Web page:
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Thickness-Weighted Averaging in Tidal Estuaries and the Vertical Distribution of the Eulerian Residual Transport

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  • 1 Department of Mathematics, University of Hamburg, Hamburg, Germany
  • 2 Leibniz Institute for Baltic Sea Research Warnemünde (IOW), Rostock, Germany
  • 3 College of Earth, Ocean, and Atmospheric Sciences, Oregon State University, Corvallis, Oregon
  • 4 Department of Physics, Institute for Marine and Atmospheric Research Utrecht, Utrecht University, Utrecht, Netherlands
  • 5 Delft Institute of Applied Mathematics, Delft University of Technology, Delft, Netherlands
  • 6 Department of Civil and Coastal Engineering, University of Florida, Gainesville, Florida
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Abstract

This paper presents thickness-weighted averaging (TWA) in generalized vertical coordinates as a unified framework for a variety of existing tidal-averaging concepts in seas and estuaries. Vertical profiles of resulting residual quantities depend on the specific vertical coordinate, which is held fixed during the averaging process. This dependence is demonstrated through the application to one-dimensional analytical tidal flow with sediment transport, to field observations from a tidal channel, and to model results from a two-dimensional estuary. The use of different coordinate systems provides complementary views on the residual dynamics and stresses the importance of a correct interpretation of residual quantities obtained by tidal averaging.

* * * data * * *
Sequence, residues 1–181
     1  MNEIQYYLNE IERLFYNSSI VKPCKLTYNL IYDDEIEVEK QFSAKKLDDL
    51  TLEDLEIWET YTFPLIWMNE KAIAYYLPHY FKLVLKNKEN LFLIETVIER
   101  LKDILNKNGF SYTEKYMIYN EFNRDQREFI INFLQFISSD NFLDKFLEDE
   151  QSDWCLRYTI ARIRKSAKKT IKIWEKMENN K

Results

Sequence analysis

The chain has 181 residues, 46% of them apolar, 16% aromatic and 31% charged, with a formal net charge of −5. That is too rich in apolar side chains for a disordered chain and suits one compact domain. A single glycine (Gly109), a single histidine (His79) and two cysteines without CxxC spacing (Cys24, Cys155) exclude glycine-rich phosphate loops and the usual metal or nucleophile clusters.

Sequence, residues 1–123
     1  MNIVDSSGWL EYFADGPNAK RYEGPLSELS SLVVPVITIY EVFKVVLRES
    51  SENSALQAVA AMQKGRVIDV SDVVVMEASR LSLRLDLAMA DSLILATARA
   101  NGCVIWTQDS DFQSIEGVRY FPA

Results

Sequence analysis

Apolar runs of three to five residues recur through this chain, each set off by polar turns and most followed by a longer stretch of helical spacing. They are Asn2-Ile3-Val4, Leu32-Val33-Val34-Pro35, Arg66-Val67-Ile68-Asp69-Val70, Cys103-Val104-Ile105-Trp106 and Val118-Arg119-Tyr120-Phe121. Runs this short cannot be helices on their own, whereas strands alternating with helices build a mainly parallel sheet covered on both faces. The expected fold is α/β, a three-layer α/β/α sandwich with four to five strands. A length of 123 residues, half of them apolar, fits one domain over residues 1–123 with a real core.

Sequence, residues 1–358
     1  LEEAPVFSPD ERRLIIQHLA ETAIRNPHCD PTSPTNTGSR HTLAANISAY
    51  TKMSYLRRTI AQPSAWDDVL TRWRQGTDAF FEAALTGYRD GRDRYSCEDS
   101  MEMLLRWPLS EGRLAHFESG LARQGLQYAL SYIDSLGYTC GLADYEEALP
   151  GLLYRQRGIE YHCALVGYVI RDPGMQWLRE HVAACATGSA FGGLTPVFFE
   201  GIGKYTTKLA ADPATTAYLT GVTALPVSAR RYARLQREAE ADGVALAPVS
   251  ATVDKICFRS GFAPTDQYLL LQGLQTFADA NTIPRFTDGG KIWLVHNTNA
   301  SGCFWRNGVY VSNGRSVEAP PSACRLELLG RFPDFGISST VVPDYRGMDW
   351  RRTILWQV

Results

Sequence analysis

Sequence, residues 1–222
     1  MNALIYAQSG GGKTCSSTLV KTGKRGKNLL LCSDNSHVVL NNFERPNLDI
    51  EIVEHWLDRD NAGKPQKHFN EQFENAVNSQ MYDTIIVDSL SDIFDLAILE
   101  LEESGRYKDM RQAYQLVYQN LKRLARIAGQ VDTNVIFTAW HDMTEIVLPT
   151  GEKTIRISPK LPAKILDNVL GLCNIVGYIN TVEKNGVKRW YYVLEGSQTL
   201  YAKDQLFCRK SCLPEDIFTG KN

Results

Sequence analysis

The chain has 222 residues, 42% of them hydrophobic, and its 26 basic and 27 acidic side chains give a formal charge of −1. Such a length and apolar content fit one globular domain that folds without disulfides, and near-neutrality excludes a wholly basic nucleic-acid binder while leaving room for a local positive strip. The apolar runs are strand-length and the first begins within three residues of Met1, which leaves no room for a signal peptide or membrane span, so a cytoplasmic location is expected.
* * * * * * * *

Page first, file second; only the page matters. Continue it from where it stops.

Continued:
© 2019 American Meteorological Society. For information regarding reuse of this content and general copyright information, consult the AMS Copyright Policy (www.ametsoc.org/PUBSReuseLicenses).

Corresponding author: Knut Klingbeil, knut.klingbeil@io-warnemuende.de

Abstract

This paper presents thickness-weighted averaging (TWA) in generalized vertical coordinates as a unified framework for a variety of existing tidal-averaging concepts in seas and estuaries. Vertical profiles of resulting residual quantities depend on the specific vertical coordinate, which is held fixed during the averaging process. This dependence is demonstrated through the application to one-dimensional analytical tidal flow with sediment transport, to field observations from a tidal channel, and to model results from a two-dimensional estuary. The use of different coordinate systems provides complementary views on the residual dynamics and stresses the importance of a correct interpretation of residual quantities obtained by tidal averaging.

© 2019 American Meteorological Society. For information regarding reuse of this content and general copyright information, consult the AMS Copyright Policy (www.ametsoc.org/PUBSReuseLicenses).

Corresponding author: Knut Klingbeil, knut.klingbeil@io-warnemuende.de
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